Physics for the deep learning computer vision expert

Written by Judy Gichoya and Alexandre Cadrin-Chênevert

Jeremy Howard recenty directed a post to us from one of the student asking about housefield units conversion for MRI.


This post summarizes an overview of the physics of image formation for MRI and CT scans to help understand the concept of intensities and mapping

For the impatient reader, Alexandre Cadrin-Chênevert answered this question

If this of interest then read on….

What is a modality ?

Radiology relies on various types of cameras (or modalities) — that work differently to capture images from patients. These include ultrasound , Computed Tomography (CT scan), Magnetic Resonance Imaging (MRI), PET/CT , and plain Xray. Yes, think of the various modalities related to the different camera types for medical imaging. In the picture below, you can see the appearance of the liver across different cameras (modalities)

Liver images aquired through ultrasound
Images of the liver / upper abdomen acquired from an MRI
CT scan images of the upper abdomen including liver

How are MRI images formed?

MRI physics can be summarized as signal generation , image formation and sequences.

A: Signal Generation

Our bodies are made largely of water (72% of our bodies are made up of water). Water is composed of 2 Hydrogen molecules and 1 oxygen molecule (H20). This translates to a large amount of hydrogen molecules in our bodies. Hydrogen is a chemical element with an atomic number 1 (H+).

Water composition in the human body

The MRI machine is a big strong magnet (and the unit Tesla is used to signify the strength of the main magnet). When you are sitting at the core of the MRI machine for example for a Head MRI , then most of the hydrogen atoms in your body align to the direction of the main magnet (b0). This is called longitudinal magnetizaton.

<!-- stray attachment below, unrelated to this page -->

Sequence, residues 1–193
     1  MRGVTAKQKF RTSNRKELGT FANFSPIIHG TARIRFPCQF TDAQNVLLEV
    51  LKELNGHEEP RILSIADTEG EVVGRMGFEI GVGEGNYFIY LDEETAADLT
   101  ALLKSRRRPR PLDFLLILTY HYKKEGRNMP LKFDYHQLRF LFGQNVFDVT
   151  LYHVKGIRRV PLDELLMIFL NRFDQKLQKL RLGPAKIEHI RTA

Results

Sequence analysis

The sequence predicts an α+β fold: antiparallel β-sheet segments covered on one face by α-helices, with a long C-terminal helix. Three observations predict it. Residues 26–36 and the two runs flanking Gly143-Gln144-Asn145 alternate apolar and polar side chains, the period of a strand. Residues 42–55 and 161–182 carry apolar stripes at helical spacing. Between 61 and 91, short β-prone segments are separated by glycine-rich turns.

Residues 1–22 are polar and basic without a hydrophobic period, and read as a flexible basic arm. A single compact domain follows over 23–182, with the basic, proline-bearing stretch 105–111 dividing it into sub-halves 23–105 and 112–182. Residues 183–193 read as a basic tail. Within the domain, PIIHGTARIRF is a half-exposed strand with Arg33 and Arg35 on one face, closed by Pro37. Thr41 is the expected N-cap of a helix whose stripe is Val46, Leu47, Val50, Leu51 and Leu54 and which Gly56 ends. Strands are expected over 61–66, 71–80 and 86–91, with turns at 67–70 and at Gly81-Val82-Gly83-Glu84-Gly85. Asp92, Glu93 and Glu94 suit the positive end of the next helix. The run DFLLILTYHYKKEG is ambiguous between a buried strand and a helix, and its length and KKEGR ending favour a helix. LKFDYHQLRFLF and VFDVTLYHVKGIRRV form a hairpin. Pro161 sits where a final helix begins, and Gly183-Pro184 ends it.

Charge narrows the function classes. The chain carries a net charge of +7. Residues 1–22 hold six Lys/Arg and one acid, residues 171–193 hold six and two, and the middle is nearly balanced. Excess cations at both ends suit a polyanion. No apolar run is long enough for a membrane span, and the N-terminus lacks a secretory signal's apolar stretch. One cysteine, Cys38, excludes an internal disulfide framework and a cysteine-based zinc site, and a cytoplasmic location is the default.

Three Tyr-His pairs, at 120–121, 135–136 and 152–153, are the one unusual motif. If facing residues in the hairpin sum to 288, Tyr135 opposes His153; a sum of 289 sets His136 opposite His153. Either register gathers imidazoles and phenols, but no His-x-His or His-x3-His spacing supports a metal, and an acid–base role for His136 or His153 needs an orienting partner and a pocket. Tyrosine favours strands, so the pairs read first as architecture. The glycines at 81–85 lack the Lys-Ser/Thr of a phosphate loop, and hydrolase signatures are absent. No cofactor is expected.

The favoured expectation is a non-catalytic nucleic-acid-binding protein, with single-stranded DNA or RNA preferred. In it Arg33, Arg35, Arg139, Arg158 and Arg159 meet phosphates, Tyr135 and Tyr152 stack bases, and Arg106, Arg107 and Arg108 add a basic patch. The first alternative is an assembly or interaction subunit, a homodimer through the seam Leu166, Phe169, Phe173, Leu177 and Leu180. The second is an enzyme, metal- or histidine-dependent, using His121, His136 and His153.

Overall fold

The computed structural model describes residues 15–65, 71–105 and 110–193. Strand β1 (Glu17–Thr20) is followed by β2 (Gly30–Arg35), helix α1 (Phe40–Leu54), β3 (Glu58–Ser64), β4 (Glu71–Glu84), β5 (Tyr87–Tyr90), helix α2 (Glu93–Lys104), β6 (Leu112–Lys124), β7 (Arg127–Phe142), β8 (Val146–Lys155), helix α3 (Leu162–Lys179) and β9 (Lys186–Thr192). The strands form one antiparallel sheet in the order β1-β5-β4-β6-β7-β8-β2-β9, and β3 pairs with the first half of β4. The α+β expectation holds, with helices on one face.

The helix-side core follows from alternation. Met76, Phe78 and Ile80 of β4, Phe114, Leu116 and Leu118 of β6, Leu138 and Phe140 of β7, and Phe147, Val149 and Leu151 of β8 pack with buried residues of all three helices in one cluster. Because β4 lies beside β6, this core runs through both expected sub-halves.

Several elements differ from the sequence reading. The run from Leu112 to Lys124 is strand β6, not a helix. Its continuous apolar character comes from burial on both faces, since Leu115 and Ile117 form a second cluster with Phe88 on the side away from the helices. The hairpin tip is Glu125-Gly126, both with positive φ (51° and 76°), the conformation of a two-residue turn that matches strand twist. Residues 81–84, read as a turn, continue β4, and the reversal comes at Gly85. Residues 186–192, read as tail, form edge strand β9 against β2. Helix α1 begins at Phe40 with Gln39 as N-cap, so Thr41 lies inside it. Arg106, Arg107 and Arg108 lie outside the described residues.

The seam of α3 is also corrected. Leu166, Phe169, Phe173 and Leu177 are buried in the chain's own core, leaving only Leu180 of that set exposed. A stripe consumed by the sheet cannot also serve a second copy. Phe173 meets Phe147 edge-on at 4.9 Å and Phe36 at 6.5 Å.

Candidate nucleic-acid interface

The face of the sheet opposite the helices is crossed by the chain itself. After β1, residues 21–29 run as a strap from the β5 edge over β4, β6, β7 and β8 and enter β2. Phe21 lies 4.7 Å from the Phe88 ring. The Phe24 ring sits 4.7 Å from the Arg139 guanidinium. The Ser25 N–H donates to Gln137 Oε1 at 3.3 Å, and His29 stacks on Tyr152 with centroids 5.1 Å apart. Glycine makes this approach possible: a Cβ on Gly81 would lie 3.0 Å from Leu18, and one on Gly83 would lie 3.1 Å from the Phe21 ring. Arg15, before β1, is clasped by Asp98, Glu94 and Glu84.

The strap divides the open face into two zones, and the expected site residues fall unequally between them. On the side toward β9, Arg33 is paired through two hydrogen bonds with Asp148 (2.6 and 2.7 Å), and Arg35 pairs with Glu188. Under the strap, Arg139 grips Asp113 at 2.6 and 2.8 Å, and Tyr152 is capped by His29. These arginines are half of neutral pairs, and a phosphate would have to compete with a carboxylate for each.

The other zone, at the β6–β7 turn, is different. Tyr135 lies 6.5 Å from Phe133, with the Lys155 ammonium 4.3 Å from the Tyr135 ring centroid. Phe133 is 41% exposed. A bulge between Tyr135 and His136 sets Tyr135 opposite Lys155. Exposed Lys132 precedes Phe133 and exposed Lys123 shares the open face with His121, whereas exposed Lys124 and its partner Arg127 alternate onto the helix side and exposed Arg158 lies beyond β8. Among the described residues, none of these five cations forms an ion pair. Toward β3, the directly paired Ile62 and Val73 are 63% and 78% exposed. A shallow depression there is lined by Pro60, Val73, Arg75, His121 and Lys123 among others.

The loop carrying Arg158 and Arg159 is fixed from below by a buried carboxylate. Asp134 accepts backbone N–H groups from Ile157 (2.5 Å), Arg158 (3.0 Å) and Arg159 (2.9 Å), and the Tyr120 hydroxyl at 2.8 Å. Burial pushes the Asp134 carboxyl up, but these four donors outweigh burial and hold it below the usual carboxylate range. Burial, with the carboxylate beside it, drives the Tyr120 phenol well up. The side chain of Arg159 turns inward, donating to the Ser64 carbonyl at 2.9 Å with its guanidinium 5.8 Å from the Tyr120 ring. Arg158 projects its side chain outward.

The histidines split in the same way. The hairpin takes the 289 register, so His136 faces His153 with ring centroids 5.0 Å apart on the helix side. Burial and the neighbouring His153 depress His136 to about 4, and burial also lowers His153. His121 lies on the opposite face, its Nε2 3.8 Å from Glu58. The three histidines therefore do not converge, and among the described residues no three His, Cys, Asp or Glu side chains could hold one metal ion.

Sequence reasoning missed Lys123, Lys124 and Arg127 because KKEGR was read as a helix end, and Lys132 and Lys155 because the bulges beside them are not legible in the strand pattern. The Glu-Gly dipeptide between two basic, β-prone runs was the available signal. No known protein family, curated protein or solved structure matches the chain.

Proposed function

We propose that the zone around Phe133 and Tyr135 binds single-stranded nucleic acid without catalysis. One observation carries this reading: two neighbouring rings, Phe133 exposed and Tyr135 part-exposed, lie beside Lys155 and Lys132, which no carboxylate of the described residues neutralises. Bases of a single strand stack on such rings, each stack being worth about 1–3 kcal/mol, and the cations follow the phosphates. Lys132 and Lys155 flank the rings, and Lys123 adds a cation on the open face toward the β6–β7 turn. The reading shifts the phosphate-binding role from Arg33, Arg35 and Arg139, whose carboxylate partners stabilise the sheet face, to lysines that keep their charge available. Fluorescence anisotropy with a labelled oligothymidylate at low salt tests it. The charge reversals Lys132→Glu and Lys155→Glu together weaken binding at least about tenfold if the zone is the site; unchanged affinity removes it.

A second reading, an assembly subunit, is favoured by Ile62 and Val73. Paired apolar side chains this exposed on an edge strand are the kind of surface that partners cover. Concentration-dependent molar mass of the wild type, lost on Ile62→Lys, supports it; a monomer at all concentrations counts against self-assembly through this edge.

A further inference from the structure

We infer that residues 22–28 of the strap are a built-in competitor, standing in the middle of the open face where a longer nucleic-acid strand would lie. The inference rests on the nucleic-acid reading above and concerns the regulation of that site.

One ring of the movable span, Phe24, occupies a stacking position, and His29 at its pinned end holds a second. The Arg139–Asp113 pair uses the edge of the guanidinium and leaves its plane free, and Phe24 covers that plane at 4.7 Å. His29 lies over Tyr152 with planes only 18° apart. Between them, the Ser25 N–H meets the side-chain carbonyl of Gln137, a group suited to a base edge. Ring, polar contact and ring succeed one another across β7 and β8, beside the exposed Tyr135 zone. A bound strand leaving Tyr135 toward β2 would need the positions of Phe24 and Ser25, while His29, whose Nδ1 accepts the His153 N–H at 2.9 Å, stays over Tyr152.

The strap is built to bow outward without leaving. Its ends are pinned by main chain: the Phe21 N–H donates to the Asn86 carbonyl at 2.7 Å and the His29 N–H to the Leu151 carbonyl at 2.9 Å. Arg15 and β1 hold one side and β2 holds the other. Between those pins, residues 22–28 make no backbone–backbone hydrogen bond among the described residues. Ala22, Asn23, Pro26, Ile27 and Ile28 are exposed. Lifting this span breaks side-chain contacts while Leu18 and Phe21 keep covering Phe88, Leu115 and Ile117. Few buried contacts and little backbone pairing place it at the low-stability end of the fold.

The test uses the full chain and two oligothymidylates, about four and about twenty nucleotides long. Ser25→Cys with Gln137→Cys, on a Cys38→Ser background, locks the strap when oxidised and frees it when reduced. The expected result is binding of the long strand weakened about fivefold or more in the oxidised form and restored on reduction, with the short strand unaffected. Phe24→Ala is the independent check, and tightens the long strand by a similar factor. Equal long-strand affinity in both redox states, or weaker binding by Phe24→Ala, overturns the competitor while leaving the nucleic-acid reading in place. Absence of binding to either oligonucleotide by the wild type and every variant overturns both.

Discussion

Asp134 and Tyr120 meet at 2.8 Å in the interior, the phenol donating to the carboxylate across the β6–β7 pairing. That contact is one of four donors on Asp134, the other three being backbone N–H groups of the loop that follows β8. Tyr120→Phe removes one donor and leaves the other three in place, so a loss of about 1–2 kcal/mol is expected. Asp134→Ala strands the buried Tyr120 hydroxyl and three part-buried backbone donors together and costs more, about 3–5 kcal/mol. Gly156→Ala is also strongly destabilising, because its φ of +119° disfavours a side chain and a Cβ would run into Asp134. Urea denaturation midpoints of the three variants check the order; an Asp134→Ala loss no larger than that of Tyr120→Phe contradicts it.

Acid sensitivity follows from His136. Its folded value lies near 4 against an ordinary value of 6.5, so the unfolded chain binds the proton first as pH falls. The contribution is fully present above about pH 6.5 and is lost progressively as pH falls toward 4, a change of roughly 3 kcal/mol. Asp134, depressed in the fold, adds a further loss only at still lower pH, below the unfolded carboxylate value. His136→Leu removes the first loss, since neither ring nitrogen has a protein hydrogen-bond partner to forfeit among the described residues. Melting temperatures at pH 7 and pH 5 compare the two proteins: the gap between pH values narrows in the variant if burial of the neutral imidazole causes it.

At rest, all your hydrogen atoms are spinning on their axis — Watch the video tagged below to learn about precession

Since we know the main magnet strength (B0), then we can calculate Lamor frequency which can be used to generate signal to the hydrogen atoms that in precession.

lamor frequency

In the figure above, the H+ are at a precession frequency of 64 MHz evenly distributed across the magnetic field. The knowledge of the precession frequencies allows us to focus on a section of the body eg abdomen by shifting the magnetic field so we can apply a signal to a specific group of atoms rotating at a predetermined frequency.

In addition to the main magnetic field, the MR machine has a radiofrequency (RF) signal that is applied perpedicular (90 degrees) to the main magnet and flips the hydrogen atoms to 90 degrees relative to the main magnet. I like to think of this as the process of tuning in to the radio where you are always looking for a specific frequency. This is called transverse magnetization. The hydrogen atoms continue their precession, but also lose energy to go to a lower energy state (in the direction of the main magnet).

The above steps are summarized below ….

Recap of signal generation

As the hydrogen atoms lose energy to align themseves to the direction of the main magnet (longitudinal relaxation), the signal they generate can be captured and plotted as a curve shown below. This curve is used to determine the T1 time —

TT1 time — which is the time require for protons to recover 63% of their longitudinal magnetization.

T1 — time required for protons to recover 63% of their longitudinal magnetization

Different body tissues will have different T1 times , and hence when you look at an MRI , you can identify fat (short T1) versus CSF.

Difference in T1 curves across various tissues

Another phenomenon that is occuring after the 90 degrees RF is summarized below. The hydrogen atoms are in phase at the beginning of the 90 degree RF pulse, but they undergo a spin -lattice interaction and get out of phase. If you plot this curve of free induction decay, then you get a T2* curve.